Mountain View Medical Supply

Friday, November 11, 2011

Nursing During The Great Depression

by Scrubs • November 7, 2011

What was it like to be a nurse in the Great Depression? There’s plenty of historical information available about what was going on in the industry as a whole…but what most of us really want to know is the answer to questions such as “What was it like to be a nurse back then? What motivated people to choose this profession? What do I have in common with the nurses who came before me?”

Let’s take a look at the big-picture facts and hear some personal anecdotes from nurses who were just graduating from nursing school at the time.

The New Nursing Profession Suffers a Blow
The decade of the Great Depression came at a critical time in the history of nursing. The concept of educating nurses as healthcare professionals had just begun to catch on. Nursing schools with high-quality programs were becoming established. For the first time in U.S. history, being a nurse was seen as a respectable career path for women.

Hazel Joy, RN: “People sort of looked up to nurses. You had to study for three years—intense study, really. I was always proud to be a nurse and I think all of us were at that time.”

On the public health front, malnutrition, overcrowding, poor sanitation and other side effects of extreme poverty caused by the sudden economic decline took an enormous toll on human health. However, the rise in the number of people seeking hospital care didn’t lead to the creation of more nursing jobs. In fact, many hospitals and nursing schools closed due to lack of funding.

Results of Widespread Unemployment
Hospitals instituted entirely new rules for scheduling. Previously, most nurses were expected to work at least 12 hours a day, six or seven days a week (sound familiar?). Now, hours were cut back to eight hours a day, with no more than 48 hours in a week. This policy change allowed more nurses to be employed. General duty staffing became the norm. But some staff did still serve as private duty nurses, caring for just one patient at a time. With funding low, nurses often had to use whatever equipment was available to help patients pull through. Just like today, seeing a patient get well was the best reward.

Ida Carthel, RN: “I did private duty nursing for a two-year-old child, a beautiful little girl from a nearby town. A rattlesnake had bitten her several times on her legs. We had to stay with her because she was delirious. You know how you’ve heard they do these ‘X’ marks to suck the venom out of the patient’s flesh? We used breast pumps for that and it worked. You call that improvising, and we did! She recovered…she was such a doll.”

Low Wages and Restrictive Working Conditions Prevail
The pay wasn’t great (some hospitals had to cut salaries or stop paying altogether for a time), but the work was steady and offered some stability. Of course, just like now, a paycheck was only a temporary incentive. It wasn’t enough to make a person stay in the profession if they weren’t cut out for it.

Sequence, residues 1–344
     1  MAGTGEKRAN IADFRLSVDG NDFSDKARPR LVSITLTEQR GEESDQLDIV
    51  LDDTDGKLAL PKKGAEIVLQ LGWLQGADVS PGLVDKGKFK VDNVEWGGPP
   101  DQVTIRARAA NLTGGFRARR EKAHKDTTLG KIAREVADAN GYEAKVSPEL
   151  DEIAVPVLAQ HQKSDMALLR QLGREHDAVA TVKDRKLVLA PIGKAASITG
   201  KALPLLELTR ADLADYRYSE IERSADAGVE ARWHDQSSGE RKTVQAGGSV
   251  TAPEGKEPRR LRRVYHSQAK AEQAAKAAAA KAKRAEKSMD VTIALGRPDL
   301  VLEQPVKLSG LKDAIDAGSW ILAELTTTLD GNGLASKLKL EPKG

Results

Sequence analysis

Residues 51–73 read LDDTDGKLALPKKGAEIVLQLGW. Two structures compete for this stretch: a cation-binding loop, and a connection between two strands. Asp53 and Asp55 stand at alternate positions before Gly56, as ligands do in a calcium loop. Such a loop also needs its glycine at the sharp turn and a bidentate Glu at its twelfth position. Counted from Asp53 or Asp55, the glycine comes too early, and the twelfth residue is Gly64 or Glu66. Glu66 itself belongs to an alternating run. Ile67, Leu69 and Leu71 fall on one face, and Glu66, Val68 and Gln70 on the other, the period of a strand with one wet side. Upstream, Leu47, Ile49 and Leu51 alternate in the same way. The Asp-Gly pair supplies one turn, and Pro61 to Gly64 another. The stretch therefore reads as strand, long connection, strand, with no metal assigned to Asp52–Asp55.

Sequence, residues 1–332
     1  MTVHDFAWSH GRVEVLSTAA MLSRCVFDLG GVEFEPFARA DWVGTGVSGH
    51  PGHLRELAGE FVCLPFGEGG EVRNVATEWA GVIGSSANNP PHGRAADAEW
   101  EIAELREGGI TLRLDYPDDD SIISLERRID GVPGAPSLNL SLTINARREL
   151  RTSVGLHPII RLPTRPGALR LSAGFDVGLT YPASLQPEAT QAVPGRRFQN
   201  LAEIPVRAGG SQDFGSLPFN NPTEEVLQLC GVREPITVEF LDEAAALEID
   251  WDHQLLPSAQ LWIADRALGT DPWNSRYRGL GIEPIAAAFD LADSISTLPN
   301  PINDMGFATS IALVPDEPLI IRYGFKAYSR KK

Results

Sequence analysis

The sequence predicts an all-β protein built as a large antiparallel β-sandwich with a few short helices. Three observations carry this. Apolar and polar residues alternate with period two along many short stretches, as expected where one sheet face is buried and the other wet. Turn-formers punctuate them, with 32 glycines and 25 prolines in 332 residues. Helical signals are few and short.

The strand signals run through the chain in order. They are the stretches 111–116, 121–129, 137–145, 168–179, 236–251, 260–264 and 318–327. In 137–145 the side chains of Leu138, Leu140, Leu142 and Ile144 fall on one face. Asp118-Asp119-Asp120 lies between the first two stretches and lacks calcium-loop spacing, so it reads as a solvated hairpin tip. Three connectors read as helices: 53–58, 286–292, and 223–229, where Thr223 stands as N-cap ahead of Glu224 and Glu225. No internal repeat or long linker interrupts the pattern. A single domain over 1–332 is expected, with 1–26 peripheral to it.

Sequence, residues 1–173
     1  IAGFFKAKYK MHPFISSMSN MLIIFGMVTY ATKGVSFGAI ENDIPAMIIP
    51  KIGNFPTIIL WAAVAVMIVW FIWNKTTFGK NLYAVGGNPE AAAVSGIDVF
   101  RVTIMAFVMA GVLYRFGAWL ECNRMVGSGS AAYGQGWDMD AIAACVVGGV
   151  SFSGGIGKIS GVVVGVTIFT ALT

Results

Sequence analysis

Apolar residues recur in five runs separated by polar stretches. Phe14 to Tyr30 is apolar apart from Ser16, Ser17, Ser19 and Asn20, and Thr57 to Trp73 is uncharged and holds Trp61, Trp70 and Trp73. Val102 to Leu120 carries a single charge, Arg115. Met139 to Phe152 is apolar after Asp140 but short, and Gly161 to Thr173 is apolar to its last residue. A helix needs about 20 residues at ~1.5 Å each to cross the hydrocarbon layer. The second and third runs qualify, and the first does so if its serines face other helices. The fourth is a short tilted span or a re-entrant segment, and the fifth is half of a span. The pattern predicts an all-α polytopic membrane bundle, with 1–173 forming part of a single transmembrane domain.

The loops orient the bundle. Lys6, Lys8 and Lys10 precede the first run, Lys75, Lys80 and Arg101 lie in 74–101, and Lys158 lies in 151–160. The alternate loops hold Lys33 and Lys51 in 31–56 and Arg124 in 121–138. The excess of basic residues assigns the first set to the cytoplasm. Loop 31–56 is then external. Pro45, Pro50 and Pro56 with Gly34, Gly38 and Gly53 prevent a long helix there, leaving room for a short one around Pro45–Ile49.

Hazel Joy, RN: “Yes, it was a job at first, a way to make a living, and then as time went on, you had to like it. And you had to have some input into what was going on, and you had to feel a part of the team in order to get some satisfaction out of the job.”

In a time when few men or women could find a job at all, many young unmarried women still saw going to nursing school as a way out of poverty and insurance for their future. They just had to stay single or they would be kicked out! These thrifty women learned to live on very little as they pursued their dream.

Irma Earngey, RN: “I know that some nurses worked in some hospitals in Fort Worth, [Texas], in the 1930s for room and board and maybe $15 a month. I know that is hard to believe, but remember you could buy a pair of shoes for $2 and you could get a dress for $2 or $3. There wasn’t much money, but it went a long way.”

Nursing Shortages Arise
During the mid-1930s, the situation eased a little. But by this time, the general lack of support for the nursing profession had already created a big problem. There weren’t enough well-trained nurses to go around. This issue took decades (and lots of government educational funding) to fix. Yes, nursing shortages are nothing new. Fortunately, there have always been those who feel the calling to the healing profession too strongly to ignore.

Cleatis Treese, RN: “I think all my life I wanted to be a nurse. Mother said I never had a baby doll that was well. It either had a fracture or something had to be bandaged. So all my life I wanted to be a nurse. There was just never any doubt. Now my father was an invalid and he pushed me too, you know. He thought nurses were just the thing. And then I was a Lutheran, and so my minister just thought he would like to have one of his people go to the Lankenau Hospital [in Pennsylvania] to be a nurse. It just all fit in.”

Quotes derived from The Lived Experience of Registered Nurses, 1930-1950: A Phenomenological Study by Beverly Knowles Byers, BSN, MS, MSN

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